My mother was a very important inspiration in my life. In her law-school class, there were only three women. She's a very determined woman who's very independent and did a lot of things that her peers never did, and it gave me enormous courage and really the confidence that I can do anything I want to do, that I don't have to do things the way everybody else does. You know, a funny story: Six of my best girlfriends had mothers who were stay-at-home mothers, and so, 5 out of 6 of my friends became lawyers, because the only working woman we knew was my mother. It's really funny.
Your mother also helped inspire your work to repeal "Don't Ask, Don't Tell," correct?
Very much so. When I was growing up, my mother's gay friends had families just like our family. And so it never occurred to me that we should discriminate against gay men and women for who they are, for who they love. When I realized that there wasn't a great deal of movement in repealing "Don't Ask, Don't Tell" when I first joined the Senate, it became an issue that I thought I could make a difference on. I thought, I can push this; I can work with my colleagues; I can create a coalition of support to repeal it. I asked Chairman Levin to hold the first hearing — the first hearing in 16 years. Through that hearing, we got the testimony of Admiral Mullen, when he said that he believed it undermined the whole integrity of the armed services. That was a very valuable testimony for getting a few undecided democratic votes.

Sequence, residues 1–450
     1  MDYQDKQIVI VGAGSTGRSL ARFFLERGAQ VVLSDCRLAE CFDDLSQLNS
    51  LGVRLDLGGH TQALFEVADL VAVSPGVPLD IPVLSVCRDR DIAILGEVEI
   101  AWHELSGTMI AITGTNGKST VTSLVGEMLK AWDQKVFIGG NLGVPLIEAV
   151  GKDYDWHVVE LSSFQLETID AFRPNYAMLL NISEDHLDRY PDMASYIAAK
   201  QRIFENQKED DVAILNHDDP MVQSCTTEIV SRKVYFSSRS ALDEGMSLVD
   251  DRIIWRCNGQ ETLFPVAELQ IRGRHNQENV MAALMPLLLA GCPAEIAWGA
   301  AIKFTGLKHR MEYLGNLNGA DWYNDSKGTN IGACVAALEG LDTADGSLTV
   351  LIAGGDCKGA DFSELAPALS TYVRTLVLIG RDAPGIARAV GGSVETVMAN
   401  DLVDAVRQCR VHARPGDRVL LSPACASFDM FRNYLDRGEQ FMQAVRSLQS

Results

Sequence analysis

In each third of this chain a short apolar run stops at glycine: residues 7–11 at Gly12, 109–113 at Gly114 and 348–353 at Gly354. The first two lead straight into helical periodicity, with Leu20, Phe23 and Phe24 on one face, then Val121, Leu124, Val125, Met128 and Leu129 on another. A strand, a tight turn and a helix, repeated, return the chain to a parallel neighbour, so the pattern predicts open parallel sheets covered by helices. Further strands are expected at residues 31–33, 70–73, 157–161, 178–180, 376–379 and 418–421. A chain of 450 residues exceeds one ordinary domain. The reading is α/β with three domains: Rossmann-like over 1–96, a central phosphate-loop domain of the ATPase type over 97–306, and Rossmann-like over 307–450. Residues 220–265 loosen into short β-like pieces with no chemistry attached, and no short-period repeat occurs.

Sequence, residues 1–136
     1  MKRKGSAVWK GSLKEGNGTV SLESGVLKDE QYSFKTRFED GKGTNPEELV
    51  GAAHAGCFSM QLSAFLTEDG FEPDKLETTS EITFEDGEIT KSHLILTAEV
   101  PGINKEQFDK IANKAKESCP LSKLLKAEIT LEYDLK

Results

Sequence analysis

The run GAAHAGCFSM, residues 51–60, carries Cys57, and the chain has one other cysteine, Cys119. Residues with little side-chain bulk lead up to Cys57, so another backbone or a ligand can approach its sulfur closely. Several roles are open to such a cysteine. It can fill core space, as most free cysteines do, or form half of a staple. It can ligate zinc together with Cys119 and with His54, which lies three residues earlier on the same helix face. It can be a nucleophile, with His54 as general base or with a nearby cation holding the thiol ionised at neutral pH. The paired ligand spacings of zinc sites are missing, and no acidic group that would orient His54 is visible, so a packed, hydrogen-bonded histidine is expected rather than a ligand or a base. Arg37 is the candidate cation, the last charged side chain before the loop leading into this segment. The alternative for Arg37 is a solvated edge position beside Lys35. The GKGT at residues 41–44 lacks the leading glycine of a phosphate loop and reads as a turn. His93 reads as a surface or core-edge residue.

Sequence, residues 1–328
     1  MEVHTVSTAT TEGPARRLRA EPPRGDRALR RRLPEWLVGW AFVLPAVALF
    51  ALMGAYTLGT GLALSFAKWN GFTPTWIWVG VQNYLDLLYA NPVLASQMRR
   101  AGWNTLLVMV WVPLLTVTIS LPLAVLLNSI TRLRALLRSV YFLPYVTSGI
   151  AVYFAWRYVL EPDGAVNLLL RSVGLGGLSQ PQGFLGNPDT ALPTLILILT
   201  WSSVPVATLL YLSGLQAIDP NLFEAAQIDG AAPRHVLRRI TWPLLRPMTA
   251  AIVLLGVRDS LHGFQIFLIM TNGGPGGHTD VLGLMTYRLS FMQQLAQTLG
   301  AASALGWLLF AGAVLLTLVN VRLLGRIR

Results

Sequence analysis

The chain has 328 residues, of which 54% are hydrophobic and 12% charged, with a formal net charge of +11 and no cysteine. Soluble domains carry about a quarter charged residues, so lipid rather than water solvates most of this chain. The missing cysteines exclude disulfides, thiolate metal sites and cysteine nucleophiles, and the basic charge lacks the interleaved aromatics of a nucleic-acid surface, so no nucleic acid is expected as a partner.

When you began that battle, did people tell you to forget it?
Yes. Even some of the advocacy groups thought it was a waste of time or that it wouldn't be successful. They said, "We don't believe a legislative solution is the right approach. We think we should ask the White House to take the lead on this." And I said, "Yes, we should definitely ask the White House to take the lead on this, but fundamentally this is a law on the books, and if it's there, it will be used against gay men and women at some point in the future. We don't know who the next administration is; we don't know what the future will bring; we have to repeal the law."
So, my view was: You might be right — it might be difficult or impossible, but we have to fight for it. This can't be part of our laws: We cannot institutionalize discrimination. Because it's bad for our national security. And it's unfair and unjust and fundamentally discriminatory against gay Americans. And it's a corrosive policy. Because if you look at, the military is based on integrity and loyalty and courage and honestly and character, except if you're gay, then you had to lie about everything. It was incongruous to the whole core of military values.